Weird Tales has never quite been just a horror magazine, or a fantasy magazine, or a gothic-flavored science fiction magazine. Go back to its very beginnings, to the editors who first discovered the genius of H.P. Lovecraft, and you find that their mission was more loosely defined than that. They founded the magazine to publish "the bizarre, the unusual... highly imaginative stories." They saw it as a rebellious cultural alternative to the dull corporate sameness of the popular, mainstream entertainment world.

In addition to the visual redesign we're unveiling in April/May's issue #344, no fewer than seven writers are making their Weird Tales debuts therein - a percentage we're awfully excited about. To name just a few: Paul E. Martens has been building a rep as one of the most startling new voices in short fiction, and his "Mary Smith" introduces one of the more colorfully memorable characters we've seen lately. Trent Hergenrader's "Working Out Our Salvation" offers a poignant, unexpected look at the lives of the undead. And Lisa Mantchev and Scott William Carter both reimagine the world of fairytale in their respective stories, from radically different perspectives. There are also some new departments we hope you'll enjoy.

"Weirdism," featuring short essays on the weirdness we encounter in real life, launches with an original nonfiction story by Caitlin R. Kiernan. "Old Weird, New Weird" looks at the magazine's past and future. And "Lost Pages" presents intriguing glimpses of tomes, codices and artifacts that may or may not exist in this universe...

Monday, March 12, 2007


The Surgeon’s Tale, a collaboration between Cat Rambo and me, is running as a serial this week, with part one posted today, part two on Wednesday, and part three on Friday. It’s probably one of my major stories for 2007.

BTW--This is my first successful collaboration with another writer and one of many more with Rambo, I hope. I had a lot of fun working with her. It's a clear 50-50, give-and-take kind of collaboration, too, which is nice.

Subterranean Press’s online edition is full of cool stuff and well worth checking out.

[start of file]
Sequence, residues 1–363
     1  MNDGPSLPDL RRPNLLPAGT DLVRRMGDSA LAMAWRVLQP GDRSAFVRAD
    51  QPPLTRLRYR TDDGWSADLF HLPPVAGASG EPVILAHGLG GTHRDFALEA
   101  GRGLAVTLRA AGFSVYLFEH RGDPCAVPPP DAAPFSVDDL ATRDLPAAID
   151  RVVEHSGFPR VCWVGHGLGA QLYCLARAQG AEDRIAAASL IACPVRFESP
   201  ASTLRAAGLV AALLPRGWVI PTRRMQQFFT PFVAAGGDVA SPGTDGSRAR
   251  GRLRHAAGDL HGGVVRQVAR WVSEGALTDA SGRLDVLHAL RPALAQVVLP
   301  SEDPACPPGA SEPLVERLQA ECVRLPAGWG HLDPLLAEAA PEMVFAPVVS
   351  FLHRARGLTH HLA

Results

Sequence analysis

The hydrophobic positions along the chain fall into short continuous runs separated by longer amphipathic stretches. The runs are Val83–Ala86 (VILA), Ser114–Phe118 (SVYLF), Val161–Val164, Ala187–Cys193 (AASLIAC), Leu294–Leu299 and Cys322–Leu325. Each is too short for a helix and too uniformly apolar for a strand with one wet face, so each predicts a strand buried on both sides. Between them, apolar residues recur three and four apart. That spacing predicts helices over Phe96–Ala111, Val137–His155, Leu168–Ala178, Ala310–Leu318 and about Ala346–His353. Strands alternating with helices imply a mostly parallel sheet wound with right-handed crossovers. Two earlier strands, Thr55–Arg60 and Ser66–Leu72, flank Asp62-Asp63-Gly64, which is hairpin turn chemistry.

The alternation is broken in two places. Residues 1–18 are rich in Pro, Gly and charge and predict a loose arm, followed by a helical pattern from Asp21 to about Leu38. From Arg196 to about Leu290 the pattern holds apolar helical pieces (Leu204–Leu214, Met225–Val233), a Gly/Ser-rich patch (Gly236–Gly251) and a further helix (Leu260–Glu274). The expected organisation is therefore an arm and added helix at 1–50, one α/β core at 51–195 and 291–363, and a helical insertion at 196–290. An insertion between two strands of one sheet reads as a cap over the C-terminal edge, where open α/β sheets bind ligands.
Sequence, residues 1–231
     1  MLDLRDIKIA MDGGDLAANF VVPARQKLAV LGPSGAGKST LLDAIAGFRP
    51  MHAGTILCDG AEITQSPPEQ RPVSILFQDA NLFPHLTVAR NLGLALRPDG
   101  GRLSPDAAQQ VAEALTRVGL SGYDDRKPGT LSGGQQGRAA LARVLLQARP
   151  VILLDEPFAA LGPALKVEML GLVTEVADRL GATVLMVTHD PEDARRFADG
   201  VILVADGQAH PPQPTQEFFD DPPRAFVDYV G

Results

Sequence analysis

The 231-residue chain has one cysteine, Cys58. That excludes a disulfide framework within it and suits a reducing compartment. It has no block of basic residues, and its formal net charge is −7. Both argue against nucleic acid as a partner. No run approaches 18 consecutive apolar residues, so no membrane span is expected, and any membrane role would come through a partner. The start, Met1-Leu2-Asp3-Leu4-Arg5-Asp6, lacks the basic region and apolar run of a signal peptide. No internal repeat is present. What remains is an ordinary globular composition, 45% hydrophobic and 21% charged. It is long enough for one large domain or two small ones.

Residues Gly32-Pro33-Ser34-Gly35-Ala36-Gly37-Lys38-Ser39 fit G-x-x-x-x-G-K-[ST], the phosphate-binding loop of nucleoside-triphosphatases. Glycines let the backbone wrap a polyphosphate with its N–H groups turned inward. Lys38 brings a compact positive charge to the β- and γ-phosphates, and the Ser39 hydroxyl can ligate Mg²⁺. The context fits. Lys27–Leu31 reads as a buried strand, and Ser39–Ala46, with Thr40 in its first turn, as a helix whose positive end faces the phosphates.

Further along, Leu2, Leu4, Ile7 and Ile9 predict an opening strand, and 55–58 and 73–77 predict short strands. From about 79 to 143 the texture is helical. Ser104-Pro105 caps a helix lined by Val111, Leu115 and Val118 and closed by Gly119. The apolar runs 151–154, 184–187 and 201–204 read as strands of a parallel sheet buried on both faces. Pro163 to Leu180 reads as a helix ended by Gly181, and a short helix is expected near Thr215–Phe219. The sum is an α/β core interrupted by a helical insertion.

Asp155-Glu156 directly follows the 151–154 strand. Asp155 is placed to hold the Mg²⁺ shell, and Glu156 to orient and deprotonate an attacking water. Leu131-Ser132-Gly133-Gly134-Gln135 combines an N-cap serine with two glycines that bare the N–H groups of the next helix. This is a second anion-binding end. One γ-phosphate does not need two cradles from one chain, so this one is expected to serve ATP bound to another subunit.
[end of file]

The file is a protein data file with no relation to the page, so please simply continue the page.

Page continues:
Saturday, March 10, 2007


This post by another Bear put me in mind of Shardik. Although Watership Down is known as Richard Adams' classic, and although I loved it when I read it (and re-read it; and sought out similar fare, like Duncton Wood; anyone remember the moles?), I think the images and situations from Shardik have stayed with me even more clearly and sharply. The archetypal aspect of Shardik carries a powerful charge. And in thinking about, for example, a failure like Apocalypto (which shares a few superficial commonalities with S, but becomes exceedingly silly after awhile), Shardik's accomplishment seems ever more impressive. Some have deemed Shardik unreadable. For me, it was unput-downable, and mysterious, and had that rough edge and unknowable quality that distinguishes edgier books from the more domesticated variety.

Am I crazy? Or right? I'd love to hear your opinions.

For anyone who hasn't read the book, here's the basic plot summary, stolen from wiki:
Shardik takes place in an imaginary world. It is the story of a lonely hunter, Kelderek, who pursues Shardik, a giant mythotic reproducing bear believed to have the Power of God within him. Kelderek becomes involved in the politics of his entire empire and in a personal story of sin and atonement. Other key issues in the story are the strength and potential held in children and the task of adults to meet children's needs of responsibility and entertainment in hope of a better future.

Adams, famous for writing stories from the point of view of animals (Watership Down and The Plague Dogs), here creates a story in which the animal, Shardik the Great Bear, is an antagonistic force that generates the entire plot and yet cannot communicate overtly and is merely a template for the characters and readers to impose their views upon. At no point in the story is it explicitly confirmed that Shardik is a divine creature and several points in the story can be interpreted equally each way.

Wednesday, March 07, 2007


UPDATE: We've taken a long story by Garth Nix called "Beyond the Sea Gate of the Scholar-Pirates of Sarsköe" and another one by Kelly Barnhill called "Elegy for Gabrielle, Patron Saint of Healers, Whores and Righteous Thieves". These are both amazing stories. Just first-rate stuff. I just love them to death. We'll have this all wrapped up in the next few weeks.

This continues to be the most difficult reading period Ann and I have ever had. If we had our druthers, we'd take 200,000 words of material rather than 100-110,000 words. It's wonderful to have so much great stuff to choose from, but it's horrific from the standpoint of having to reject a lot of stuff we'd take under normal circumstances.

All in all, however, this just points to us having a great anthology, I think.

Those who submitted during the open reading period and haven't heard back from us with a final decision will hear back between now and March 21.



If you want more information on what went down at AWP, I highly recommend checking out Dan Wickett's Emerging Writers blog. Over the past few days, he's posted the most detailed accounts of the conference that I've seen. Really nice guy, too.

For additional coverage, I suggest a google blog search or technorati.



I've got new installments of my book column and graphic novel column up. I'm particularly invested in the Bookslut column this time around, which deals with the differences between novels and graphic novels.